Manny Ramirez, the popular but mercurial slugger for the Los Angeles Dodgers, has been suspended 50 games for violating Major League Baseball's Joint Drug Prevention and Treatment Program.
The suspension was announced Thursday afternoon. A statement from Manny Ramirez claims that he received the substance in question from a physician in Florida. He claims that his use was not recreational, and that he was unaware that the drug was banned.
Early reports indicated that Manny would appeal the suspension, and there were even arrangements made for a hearing to be scheduled in Los Angeles. According to ESPN's Peter Gammons, though, Manny backed off at the last minute and declined to appeal. Ramirez has taken public responsibility for using the substance, saying: "LA is a special place to me and I know everybody is disappointed. So am I. I'm sorry about this whole situation. "
There has been no official word on what the substance was that triggered the suspension. But ESPN writers T.J. Quinn and Mark Fainaru-Wada -- famous for writing the Barry Bonds/BALCO expose Game of Shadows -- are reporting that it was hCG, a women's fertility drug. According to the American Pregnancy Association's website, hCG is produced during pregnancy by cells that form the placenta. WebMD states that hCG levels can be tested to determine pergnancy but may also be affected by tumors.
That sounds innocent enough, but it fails to explain what an otherwise healthy adult male such as Ramirez would need them for. T.J. Quinn, speaking on an ESPNews broadcast, states that despite its uses as a female fertility drug, hCG is used almost exclusively by steroid users. hCG helps renew the body's ability to make testosterone. This is made necessary when steroid users have been doping for a certain period of time, inhibiting their body's ability to produce testosterone naturally. Not only does hCG seem to indicate steroid abuse in the vast majority of cases, but the substance itself is banned under baseball's drug policy, since it does enhance the body's testosterone levels.
Despite an official statement both from Ramirez and the MLB, there is some confusion as to how the substance was detected. It may or may not have come as part of baseball's random drug testing. Quinn reports that the hCG wasn't actually detected at first; his sources report that the only abnormality that registered was elevated levels of testosterone. This led investigators to determine what was responsible for the high levels of testosterone, and the use of hCG was indicated, reportedly, through documents uncovered during the process. It was this lack of a smoking gun, so to speak, that fueled speculation that Ramirez would lodge an appeal. His last-minute decision not to has raised some questions, with some speculating that Ramirez feared further incrimination during the appeals process. By declining an appeal, the matter is settled as far as the MLB is concerned.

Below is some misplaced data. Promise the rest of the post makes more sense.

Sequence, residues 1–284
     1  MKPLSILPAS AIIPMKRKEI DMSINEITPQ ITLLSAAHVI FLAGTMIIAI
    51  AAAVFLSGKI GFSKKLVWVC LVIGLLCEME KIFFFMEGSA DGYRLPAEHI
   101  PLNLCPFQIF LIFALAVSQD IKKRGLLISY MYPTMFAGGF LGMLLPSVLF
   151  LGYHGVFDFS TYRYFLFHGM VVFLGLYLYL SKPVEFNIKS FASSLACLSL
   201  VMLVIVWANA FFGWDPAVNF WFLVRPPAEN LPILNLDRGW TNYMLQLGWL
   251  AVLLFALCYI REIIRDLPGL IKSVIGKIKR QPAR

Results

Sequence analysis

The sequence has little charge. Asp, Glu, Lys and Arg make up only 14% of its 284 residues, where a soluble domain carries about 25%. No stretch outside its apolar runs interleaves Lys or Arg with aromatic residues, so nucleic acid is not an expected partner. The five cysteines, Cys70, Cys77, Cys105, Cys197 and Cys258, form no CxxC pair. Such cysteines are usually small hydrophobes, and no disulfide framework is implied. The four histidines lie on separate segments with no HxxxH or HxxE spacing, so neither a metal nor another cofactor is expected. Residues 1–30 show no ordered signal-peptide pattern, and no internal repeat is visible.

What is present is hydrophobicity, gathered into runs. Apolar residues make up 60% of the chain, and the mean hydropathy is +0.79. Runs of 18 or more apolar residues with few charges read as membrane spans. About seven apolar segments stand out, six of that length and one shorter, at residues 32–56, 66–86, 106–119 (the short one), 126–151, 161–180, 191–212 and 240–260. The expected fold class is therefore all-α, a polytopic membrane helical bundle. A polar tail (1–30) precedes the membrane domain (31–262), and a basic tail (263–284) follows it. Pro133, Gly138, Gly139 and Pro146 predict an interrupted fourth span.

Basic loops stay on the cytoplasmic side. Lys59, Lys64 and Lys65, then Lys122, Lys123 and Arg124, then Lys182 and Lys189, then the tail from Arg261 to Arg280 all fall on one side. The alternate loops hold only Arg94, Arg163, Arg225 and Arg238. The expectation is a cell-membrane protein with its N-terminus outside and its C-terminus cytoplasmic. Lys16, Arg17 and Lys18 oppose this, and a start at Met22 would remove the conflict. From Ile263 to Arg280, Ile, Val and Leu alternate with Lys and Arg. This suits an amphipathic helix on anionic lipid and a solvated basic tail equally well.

This revelation has produced an instant outcry from the sports media. Peter Gammons tells us Ramirez's side of the story (in a manner that makes him sound more like Ramirez's agent than a journalist), whereas Fox Sports contributor Ken Rosenthal has nothing but contempt for Manny, not only for using but for getting caught at a time when a player's bodily fluids are under incredible supervision.
Ramirez's suspension casts a harsh shadow over a Dodgers team whose 21-8 record is the best in baseball. Not only that, but the Dodgers recently set a new record by notching 13 straight wins at home to begin a season. They've won seven straight and sit a comfortable 6.5 games ahead of the second-place Giants. Ramirez was the engine behind the Los Angeles offense, hitting .348 with 6 homers, 20 RBI and an incredible .492 on-base percentage. The bulk of the playing time in left field will likely go to Juan Pierre, a prospect that should send a cold chill up the back of Dodger fans.
There are still many unanswered questions surrounding this story. We'll have to keep looking to learn more and get some confirmation of the early reports coming from ESPN and T.J. Quinn. Either way, though, it looks like "Mannywood" will be out of action for nearly two months.